Risk Management Services
Document Retention Guidelines. Mediation and Arbitration in Construction The pamphlet focuses on mediation and arbitration methods, processes, roles and relationships. Preparing for the IgCC — Members of the Risk Management Committee evaluated the International Green Construction Code IgCC and produced this white paper on how the Code will affect professional practices and the standard of care for design, engineering, construction administration, commissioning, and facility management. An Overview of Indemnification and the Duty to Defend — An overview and analysis of these critical legal concepts provided by the Risk Management Committee.
The ZweigWhite Engineering Firm Salary Survey is the most up-to-date and comprehensive compensation survey report for engineering firms operating in every region of the U. ACEC's Trust Programs are designed to enhance your membership investment by helping to control your firm's costs. More Info. Senior Executives Institute. Pathways to Executive Leadership.
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Young Professional of the Year Award. Professional Liability Insurance Surveys of Member Firms An important consideration for every engineering firm is professional liability insurance.
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In the world of construction, whether you are a lender, owner, contractor, or subcontractor, your success hinges largely on risk management. Within those contracts, risk is primarily allocated through indemnity and insurance requirement provisions. Proper risk management practices, however, are not limited to risk allocation. Equally important is careful contract preparation and review. Set forth below is a brief overview of some of the most important risk management concepts to consider when preparing or entering into your next construction contract.
Owners and contractors should anticipate potential project risks and determine whether it is more advantageous to retain or transfer them. From a risk management perspective, it is crucial to spread the project risks to the parties most able to manage them. O wners, especially those not well-versed in the nuances of the construction industry, should strive to limit the number of parties with whom they contract.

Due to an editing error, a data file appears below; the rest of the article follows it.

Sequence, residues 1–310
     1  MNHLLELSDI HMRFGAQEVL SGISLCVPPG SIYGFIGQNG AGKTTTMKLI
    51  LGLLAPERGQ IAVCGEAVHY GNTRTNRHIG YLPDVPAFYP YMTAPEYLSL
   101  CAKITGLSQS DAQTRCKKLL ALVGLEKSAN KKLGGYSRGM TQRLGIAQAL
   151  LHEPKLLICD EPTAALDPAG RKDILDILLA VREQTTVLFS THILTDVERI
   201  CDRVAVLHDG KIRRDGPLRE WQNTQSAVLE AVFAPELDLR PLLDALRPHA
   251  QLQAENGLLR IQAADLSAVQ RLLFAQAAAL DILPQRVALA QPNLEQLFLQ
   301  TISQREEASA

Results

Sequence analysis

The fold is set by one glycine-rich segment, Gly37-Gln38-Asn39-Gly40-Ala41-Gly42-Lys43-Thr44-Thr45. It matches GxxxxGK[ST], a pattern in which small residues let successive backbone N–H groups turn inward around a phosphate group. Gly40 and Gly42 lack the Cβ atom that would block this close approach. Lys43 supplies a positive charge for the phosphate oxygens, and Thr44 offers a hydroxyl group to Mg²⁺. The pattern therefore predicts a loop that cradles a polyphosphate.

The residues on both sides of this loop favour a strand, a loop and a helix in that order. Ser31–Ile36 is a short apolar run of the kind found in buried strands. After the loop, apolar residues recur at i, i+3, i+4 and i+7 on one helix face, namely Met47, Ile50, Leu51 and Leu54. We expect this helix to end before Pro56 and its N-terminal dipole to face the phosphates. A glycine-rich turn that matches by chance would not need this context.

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Subcontractors should, in turn, engage sub-subcontractors, materialmen, and suppliers. In this fashion, the overall project risks may be spread to those with the greatest ability to control them. The best way to achieve successful completion of the project on time and within budget is to foster a collaborative project environment. This begins with the contracting process.
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While is it advisable to clearly address all anticipated risks in the contract, it serves no useful purpose to force an onerous, one-sided contract on contractors and subcontractors. Draconian indemnity, warranty, and payment provisions will not only drive project costs up, but may also engender a more adversarial relationship between the contracting parties.
In addition, courts may not uphold them. When transferring risk through indemnity, it is important to ensure that the transferee has, or is able to procure in a cost-effective manner, insurance coverage sufficient to handle the assumed risk.
Do not let lack of insurability for such conduct serve as a valid argument for negotiating responsibility for it out of an indemnity agreement. Tailor Insurance Requirements to the Discipline. When preparing insurance requirements for construction-related contracts, make sure that the indemnity and risk obligations associated with each project discipline are identified and addressed.
Design Professionals architects, engineers, etc.
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Contractors and Subcontractors. For those contractors and subcontractors performing any design-build functions, professional liability coverage should also be required. While the liability coverage referenced above covers most project accidents resulting in i bodily injury, and ii damage to property other than what is being constructed, in most cases it does not cover damage to the structure being built.
If a builders risk policy is procured, consideration should be given to whether the owner or the contractor obtains it. This determination is best made on a project-by-project basis, taking into consideration such factors as the type of project i. Address Potential Coverage Gaps. Numerous risk management products, including insurance policies and bonds, are required to cover the risks presented by a construction project.
To the greatest extent possible, the coverage provided by these policies should fit together.